6.6/10
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130 user 95 critic

A Boy and His Dog (1975)

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A young man and his telepathic dog wander a post-apocalyptic wasteland.

Director:

L.Q. Jones

Writers:

L.Q. Jones (screenplay), Harlan Ellison (novel)
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2 wins & 2 nominations. See more awards »

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Cast

Complete credited cast:
Don Johnson ... Vic
Susanne Benton ... Quilla June Holmes
Jason Robards ... Lou Craddock
Tim McIntire ... Blood (voice)
Alvy Moore ... Dr. Moore
Helene Winston Helene Winston ... Mez Smith
Charles McGraw ... Preacher
Hal Baylor ... Michael
Ron Feinberg ... Fellini
Michael Rupert ... Gery (as Mike Rupert)
Don Carter Don Carter ... Ken
Michael Hershman Michael Hershman ... Richard
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Storyline

A post-apocalyptic tale based on a novella by Harlan Ellison. A boy communicates telepathically with his dog as they scavenge for food and sex, and they stumble into an underground society where the old society is preserved. The daughter of one of the leaders of the community seduces and lures him below, where the citizens have become unable to reproduce because of being underground so long. They use him for impregnation purposes, and then plan to be rid of him. Written by Ed Sutton <esutton@mindspring.com>

Plot Summary | Plot Synopsis

Taglines:

The year is 2024... a future you'll probably live to see. See more »


Certificate:

R | See all certifications »

Parents Guide:

View content advisory »
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Details

Official Sites:

-The original movie

Country:

USA

Language:

English

Release Date:

14 November 1975 (USA) See more »

Also Known As:

Apocalypse 2024 See more »

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Box Office

Budget:

$400,000 (estimated)

Gross USA:

$6,900,000, 5 November 1982
See more on IMDbPro »

Company Credits

Production Co:

LQ/JAF See more »
Show more on IMDbPro »

Technical Specs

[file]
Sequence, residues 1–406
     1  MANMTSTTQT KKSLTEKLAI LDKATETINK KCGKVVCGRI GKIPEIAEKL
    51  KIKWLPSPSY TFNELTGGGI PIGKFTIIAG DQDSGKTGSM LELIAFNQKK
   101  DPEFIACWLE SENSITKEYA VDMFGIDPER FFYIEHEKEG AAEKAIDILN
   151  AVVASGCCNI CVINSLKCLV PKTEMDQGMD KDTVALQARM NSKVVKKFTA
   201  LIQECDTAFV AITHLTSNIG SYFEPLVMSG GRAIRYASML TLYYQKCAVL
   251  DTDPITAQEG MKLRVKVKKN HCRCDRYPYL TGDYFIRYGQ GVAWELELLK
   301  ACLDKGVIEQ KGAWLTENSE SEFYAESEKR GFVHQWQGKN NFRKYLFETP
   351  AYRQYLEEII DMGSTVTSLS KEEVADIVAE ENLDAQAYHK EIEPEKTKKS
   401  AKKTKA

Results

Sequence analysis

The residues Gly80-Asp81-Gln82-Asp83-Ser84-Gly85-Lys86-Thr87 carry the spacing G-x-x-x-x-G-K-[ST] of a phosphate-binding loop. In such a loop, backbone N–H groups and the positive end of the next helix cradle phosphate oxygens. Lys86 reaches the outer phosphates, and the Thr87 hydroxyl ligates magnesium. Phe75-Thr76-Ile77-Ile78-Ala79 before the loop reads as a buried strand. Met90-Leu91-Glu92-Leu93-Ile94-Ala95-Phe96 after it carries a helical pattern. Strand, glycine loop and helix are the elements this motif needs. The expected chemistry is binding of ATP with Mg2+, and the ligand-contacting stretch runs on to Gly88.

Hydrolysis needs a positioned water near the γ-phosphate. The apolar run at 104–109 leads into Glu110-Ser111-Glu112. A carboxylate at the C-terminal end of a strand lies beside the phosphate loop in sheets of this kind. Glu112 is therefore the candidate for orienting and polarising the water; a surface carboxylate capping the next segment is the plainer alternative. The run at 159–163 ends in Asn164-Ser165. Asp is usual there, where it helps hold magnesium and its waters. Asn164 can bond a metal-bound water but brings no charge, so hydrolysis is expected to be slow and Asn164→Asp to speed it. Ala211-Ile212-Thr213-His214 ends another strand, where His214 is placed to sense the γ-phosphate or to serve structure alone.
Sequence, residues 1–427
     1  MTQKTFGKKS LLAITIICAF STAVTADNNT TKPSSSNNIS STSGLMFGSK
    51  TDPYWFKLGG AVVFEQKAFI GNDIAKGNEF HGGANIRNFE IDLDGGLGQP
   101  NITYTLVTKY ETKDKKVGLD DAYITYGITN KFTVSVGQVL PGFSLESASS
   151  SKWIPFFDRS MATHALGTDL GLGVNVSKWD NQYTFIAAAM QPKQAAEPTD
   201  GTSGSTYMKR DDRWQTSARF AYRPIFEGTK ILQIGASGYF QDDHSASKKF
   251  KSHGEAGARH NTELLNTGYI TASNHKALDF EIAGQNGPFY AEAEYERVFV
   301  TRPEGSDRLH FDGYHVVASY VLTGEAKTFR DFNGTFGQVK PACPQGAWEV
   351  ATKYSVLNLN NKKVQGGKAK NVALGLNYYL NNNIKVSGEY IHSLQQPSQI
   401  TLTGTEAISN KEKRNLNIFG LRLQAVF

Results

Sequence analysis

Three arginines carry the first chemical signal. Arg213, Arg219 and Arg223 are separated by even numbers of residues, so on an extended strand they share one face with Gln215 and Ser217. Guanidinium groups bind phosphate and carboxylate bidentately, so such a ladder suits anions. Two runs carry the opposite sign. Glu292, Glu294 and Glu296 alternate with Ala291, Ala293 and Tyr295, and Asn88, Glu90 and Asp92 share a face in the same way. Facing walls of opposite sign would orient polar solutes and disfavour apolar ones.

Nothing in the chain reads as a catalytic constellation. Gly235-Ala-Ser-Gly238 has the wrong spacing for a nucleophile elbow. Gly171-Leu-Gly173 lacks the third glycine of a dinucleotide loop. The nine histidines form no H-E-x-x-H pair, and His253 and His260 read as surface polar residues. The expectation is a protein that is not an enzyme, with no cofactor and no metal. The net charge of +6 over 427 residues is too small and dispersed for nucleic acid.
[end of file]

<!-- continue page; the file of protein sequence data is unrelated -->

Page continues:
Runtime:

Sound Mix:

Mono | Mono (Ryder Sound Services)

Color:

Color (Technicolor)

Aspect Ratio:

2.35 : 1
See full technical specs »
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Did You Know?

Trivia

According to "Cult Movies 2", a sequel was planned called "A Girl And His Dog," but the dog died shortly after the movie's release. See more »

Goofs

Near the end of the film, when Vic is speaking with Blood outside the entrance to The Down Under, Vic refers to him as "Tiger", which was the dog's actual name. See more »

Quotes

Blood: Now let's run through the modern Presidents.
Vic: What good's all this history crap gonna do me?
Blood: Just do the Presidents.
Vic: Oh, God! Eisenhower, Truman...
Blood: TRUMAN, Eisenhower!
Vic: Truman, Eisenhower, Kennedy, Johnson, Nixon, Ford, Kennedy, Kennedy, Kennedy...
See more »

Alternate Versions

According to the Blu-ray commentary, the prologue (mushroom clouds and explanatory text, the first minute and a half or so) was added for the 1982 rerelease to help explain the world of the film. See more »


Soundtracks

When the World Was New
by Richard Gillis
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User Reviews

 
Who's the master?
10 January 2009 | by lost-in-limboSee all my reviews

A frank tale about a recklessly horny boy and his calculative dog sums up this strange, very strange Sci-fi post-apocalyptic wasteland adventure yarn. It's a unique product of the 70s, as it's ambitious, daring and warped in its mind-set that makes this considerably low-budget effort a hypnotic cult item that nothing else would even come close to it. Based upon a novel by Harlan Ellison, the premise follows that of a young loner Vic (splendidly performed by Don Johnson) and his telepathic pooch Blood (exceptionally voiced by Tim McIntire) travelling the desert landscapes caused by the after-effects of WWIV in the search of food, shelter and women.

What goes on to make this film is the biting conversations and budding rapport and dependable friendship between Vic and Blood. It ranged from hysterical to moving, and surprisingly done in a believable manner. The satirical edge to the script is innovatively penned and to the point with its drama, frictions and kinky fixations. Sometimes quite unpleasant in the details where a quirky side is etched and the humour is engraved with a morbid sense of curiosity. While slow-grinding, the pace breezes by and the impulsively random nature helps a lot with a shock ending (twisted but still quite touching though) that comes from nowhere. Director LQ Jones' economical touch makes the most of it limited resources and manages to get plenty out of it despite the minor feel. His use of the camera provocatively achieved and the humming electronic score and playful acoustic cues cement an atmosphere and grow upon the imagination. Mainly consisting in the underground scenes, than on the openly isolated and dusty desert backdrop.

The support cast are picture-perfect in their roles. Susanne Benton shines and likes of Jason Robards, Charles McGraw and Alvy Moore were good fun.

I liked it even more the second time around.


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